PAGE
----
Fri 10/13 @ 7:30PM
Sat 10/14 @ 11AM
These are not good days for organized labor. Decades of demonizing by the wealthy and powerful have led to a widespread public belief that unions are a negative force in the economy, benefiting members at the expense of everyone else. (It doesn’t help when union leaders such as Cleveland Police union president Steve Loomis loudly defend indefensible behavior by members, taking the attitude that its members can never be in the wrong.)
In fact, it’s been shown that lifting union workers lifts all workers. Shorter workdays, the five-day work week, paid vacations and the minimum wage all resulted from the work of unions, and these benefits are now widely enjoyed by many workers. And don’t expect to fix income inequality with unions made powerless by “right to work” aka “right to work for less” laws and decisions coming from conservative courts.
Learn more about what unions have accomplished — things many of us take for granted today — at the 4th annual Cleveland LaborFest. This year’s theme is The Wobblies: A Tribute to the Industrial Workers of the World.
The two-day event starts Friday evening with the Wobbly Musical Roadshow at First Unitarian Church in Shaker Heights. Three musical acts long associated with labor and/or social justice movement will perform. (All three have Pete Seeger connections referenced in their bios so you know their credentials are in order!)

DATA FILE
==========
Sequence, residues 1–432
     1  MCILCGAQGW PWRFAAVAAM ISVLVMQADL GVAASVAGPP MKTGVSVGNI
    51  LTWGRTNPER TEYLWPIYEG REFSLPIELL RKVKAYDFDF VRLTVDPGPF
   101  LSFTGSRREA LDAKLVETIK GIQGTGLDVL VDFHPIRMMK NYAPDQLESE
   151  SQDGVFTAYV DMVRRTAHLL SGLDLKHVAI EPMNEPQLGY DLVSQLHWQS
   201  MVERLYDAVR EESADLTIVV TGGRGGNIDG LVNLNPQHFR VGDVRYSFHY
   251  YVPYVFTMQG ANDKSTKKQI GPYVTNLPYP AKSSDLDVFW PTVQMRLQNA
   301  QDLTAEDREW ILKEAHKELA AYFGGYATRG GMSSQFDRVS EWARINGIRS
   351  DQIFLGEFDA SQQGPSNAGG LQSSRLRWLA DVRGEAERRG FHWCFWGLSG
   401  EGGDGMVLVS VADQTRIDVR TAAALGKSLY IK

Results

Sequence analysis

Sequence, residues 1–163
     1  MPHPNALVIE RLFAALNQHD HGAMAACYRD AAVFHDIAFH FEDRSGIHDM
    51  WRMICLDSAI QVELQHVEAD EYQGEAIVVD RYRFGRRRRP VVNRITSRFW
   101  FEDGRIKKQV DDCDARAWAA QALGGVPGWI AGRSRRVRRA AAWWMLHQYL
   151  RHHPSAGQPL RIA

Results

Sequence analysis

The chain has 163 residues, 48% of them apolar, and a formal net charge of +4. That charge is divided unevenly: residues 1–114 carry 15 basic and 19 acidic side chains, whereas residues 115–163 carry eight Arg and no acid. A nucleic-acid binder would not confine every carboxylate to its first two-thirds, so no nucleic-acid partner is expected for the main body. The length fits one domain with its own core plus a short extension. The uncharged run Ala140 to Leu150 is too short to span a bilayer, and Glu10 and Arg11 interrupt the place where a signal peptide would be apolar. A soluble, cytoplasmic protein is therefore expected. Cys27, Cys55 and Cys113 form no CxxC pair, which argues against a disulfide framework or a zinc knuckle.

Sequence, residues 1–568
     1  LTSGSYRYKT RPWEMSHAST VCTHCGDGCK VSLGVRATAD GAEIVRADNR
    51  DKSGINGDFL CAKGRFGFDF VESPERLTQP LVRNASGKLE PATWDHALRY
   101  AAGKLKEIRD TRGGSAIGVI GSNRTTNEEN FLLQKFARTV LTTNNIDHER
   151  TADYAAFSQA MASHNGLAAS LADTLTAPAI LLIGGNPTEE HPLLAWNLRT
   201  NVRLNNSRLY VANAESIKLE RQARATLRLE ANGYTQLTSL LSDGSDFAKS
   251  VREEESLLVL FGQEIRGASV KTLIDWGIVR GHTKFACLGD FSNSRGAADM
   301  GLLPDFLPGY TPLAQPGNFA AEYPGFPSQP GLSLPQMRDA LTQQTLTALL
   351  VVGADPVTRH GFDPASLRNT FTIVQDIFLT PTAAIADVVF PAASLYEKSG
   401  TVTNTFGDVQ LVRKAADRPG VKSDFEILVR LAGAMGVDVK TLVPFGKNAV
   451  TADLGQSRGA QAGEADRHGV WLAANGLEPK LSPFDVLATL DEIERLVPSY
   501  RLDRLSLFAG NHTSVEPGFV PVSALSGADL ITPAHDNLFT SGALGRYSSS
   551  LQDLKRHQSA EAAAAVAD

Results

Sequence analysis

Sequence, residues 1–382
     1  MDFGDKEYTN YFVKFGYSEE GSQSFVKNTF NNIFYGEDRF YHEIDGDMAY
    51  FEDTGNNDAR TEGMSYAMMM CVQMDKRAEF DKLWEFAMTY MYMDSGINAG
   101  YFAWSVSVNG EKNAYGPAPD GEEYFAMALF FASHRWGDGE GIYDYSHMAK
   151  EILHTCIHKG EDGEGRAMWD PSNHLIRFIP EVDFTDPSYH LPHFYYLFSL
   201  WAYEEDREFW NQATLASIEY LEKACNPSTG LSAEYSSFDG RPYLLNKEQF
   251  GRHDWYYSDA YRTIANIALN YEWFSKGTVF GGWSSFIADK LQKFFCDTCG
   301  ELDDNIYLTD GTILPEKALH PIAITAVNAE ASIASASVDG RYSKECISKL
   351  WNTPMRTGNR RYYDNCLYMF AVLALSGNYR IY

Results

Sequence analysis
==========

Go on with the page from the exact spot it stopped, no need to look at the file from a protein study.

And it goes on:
They include New Yorker George Mann, a former union organizer who performs both his own tunes and classic labor songs. He produced a CD series called Hail to the Thief! during the George Bush administration, which cries out to be re-done now. He also produced an Almanac Singers tribute CD in 2013 with Pete Seeger narrating, one of several compilations he’s produced, the latest about how war impacts human beings.
Charlie King is a musical political satirist whose songs have been covered by such folk luminaries as Arlo Guthrie, Pete Seeger, Chad Mitchell and Holly Near. In 2014 he won the Joe Hill Award from the Labor Heritage Foundation. Finally Terry Leonino and Greg Artzner, who have been performing as Magpie since 1973 are not only singers and songwriters but also actors, playwrights and social activists dedicated to helping make a better world.
Sadly, as an indication of the graying of the labor movement, all are older baby boomers who have been performing for as long as a half century.
It’s a suggested donation of $20 or what you can afford. If you can’t afford anything it’s free. If you can afford more, the recipient, the nonprofit sponsoring organization, The Labor Education and Arts Project (LEAP), will be grateful. There will be refreshments and all are welcome.
Then on Saturday at the Cleveland Public Library’s Louis Stokes Wing Auditorium downtown, speakers will talk about topics such as Philadelphia’s interracial Longshore Union, Women and the Wobblies, and the intersection of the Wobblies with the American Left and anti-radical laws, with Q&A sessions after each presentation. The day will kick off at 11am with a screening of the documentary film The Wobblies, featuring interviews with old-time Wobblies organizers. It’s free and open to all. Lunch will be served.